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Module Title
Political Communication and Public Affairs

constitution, parliament, public sphere, lobbying, political parties, media, political marketing, public affairs, propaganda, citizens, deliberative democracy

SCQF Points15
ECTS Points7.5
CreatedJanuary 2003
ApprovedMay 2006
AmendedJuly 2016
Version No.3

This Version is No Longer Current
The latest version of this module is available here
Prerequisites for Module

None in addition to course entry requirements or equivalent.

Corequisite Modules


Precluded Modules


Aims of Module

To enable the student to assess the role and function of communication in the public sphere and to evaluate the management and practice of communication within the political process as well as between government, media and citizens.

Learning Outcomes for Module

On completion of this module, students are expected to be able to:

1. Identify and define the ethical, legal and political frameworks within which political communicators and commentators and interest groups operate;
2. Analyse the role and function of communication in a variety of political cultures;
3. Analyse the forms and functions of mediation in the political communication process;
4. Critically evaluate the notion of public opinion and its measurement;
5. Evaluate, critically, the role played by public affairs practitioners and in particular the ethics and efficacy of lobbying.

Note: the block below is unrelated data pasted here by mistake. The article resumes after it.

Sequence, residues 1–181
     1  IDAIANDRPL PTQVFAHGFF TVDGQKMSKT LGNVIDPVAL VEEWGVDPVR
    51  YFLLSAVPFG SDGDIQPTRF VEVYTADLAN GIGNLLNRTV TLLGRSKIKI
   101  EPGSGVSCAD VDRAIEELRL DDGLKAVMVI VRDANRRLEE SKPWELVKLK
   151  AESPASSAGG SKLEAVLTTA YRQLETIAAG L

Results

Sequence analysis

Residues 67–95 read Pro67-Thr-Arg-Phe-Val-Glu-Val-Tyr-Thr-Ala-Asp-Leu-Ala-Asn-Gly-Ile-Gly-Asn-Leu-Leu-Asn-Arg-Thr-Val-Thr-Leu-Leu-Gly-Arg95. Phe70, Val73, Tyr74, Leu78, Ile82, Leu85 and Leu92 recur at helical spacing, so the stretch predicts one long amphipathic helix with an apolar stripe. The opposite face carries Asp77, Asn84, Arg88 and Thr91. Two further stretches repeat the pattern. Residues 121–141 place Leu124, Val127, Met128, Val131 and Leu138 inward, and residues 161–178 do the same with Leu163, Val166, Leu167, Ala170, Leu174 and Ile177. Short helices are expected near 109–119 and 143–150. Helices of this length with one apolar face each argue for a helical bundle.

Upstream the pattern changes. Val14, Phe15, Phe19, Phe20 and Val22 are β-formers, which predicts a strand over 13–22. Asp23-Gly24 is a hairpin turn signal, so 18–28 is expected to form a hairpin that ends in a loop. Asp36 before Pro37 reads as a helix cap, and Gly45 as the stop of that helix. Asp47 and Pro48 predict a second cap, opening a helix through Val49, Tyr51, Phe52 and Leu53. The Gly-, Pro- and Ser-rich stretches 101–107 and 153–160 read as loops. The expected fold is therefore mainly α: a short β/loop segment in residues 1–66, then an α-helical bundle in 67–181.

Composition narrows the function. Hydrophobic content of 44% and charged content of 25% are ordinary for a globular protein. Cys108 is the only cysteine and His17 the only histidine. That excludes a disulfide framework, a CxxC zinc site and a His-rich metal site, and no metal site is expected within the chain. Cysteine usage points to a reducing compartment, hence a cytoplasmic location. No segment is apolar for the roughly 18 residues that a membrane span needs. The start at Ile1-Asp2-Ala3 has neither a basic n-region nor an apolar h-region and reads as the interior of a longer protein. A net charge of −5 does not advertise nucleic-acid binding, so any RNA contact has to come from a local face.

Indicative Module Content

Political and media structures and their relationships. Political marketing; special advisers and spin; lobbying, briefings; propaganda; public sphere; political advertising, image and celebrity politics; public opinion and audiences and measurement.

Indicative Student Workload

Contact Hours

Full TimeDistance Learning

Directed Study

Directed Study

Private Study

Private Study

Mode of Delivery

The module will be delivered by a combination of formal lectures, seminars, and guest speakers. Students are expected to prepare for seminars and contribute to the discussion of the topics. Distance learning students are expected will be expected to participate actively on the discussion threads.

Assessment Plan

Learning Outcomes Assessed
Component 1 1,2,3,4,5

The assessment will consist of one piece of coursework

Indicative Bibliography

1.BRANTS, K. and VOLTMER, K., 2011. Political communication in postmodern democracy </I>. Basingstoke: Palgrave Macmillan.
2.HERMAN, S. and CHOMSKY, N., 1995. Manufacturing consent: the political economy of the mass media </I>. London: Vintage.
3.McNAIR, B., 2016. An Introduction to political communication </I>. 6th ed. London: Routledge.
4.MORRISON, J., 2017. Essential public affairs for journalists </I>. 5th ed. Oxford: Oxford University Press.
5.SAVIGNY, H., 2017. Political communication: a critical introduction </I>. London: Palgrave.
6.VAN ZOONEN, L., 2005. Entertaining the citizen: when politics and popular culture converge </I>. Oxford: Rowman and Littlefield.
7.ZETTER, L., 2014. Lobbying: the art of political persuasion </I>. London: Harriman House.
8.HARDING, J., 2009. Alpha dogs: how political spin became a global business </I>. Kindle ed. Penrhyn: Atlantic Press.

Additional Notes

Students will be expected to consult a range of journals and media sources to complement and maintain their knowledge of current affairs. These may include:
Campaign, PR Week, New Statesman, Prospect, Vanity Fair. Journals: Political Communication, Journal of Public Affairs. Further reading is available via Aspire.

Robert Gordon University, Garthdee House, Aberdeen, AB10 7QB, Scotland, UK: a Scottish charity, registration No. SC013781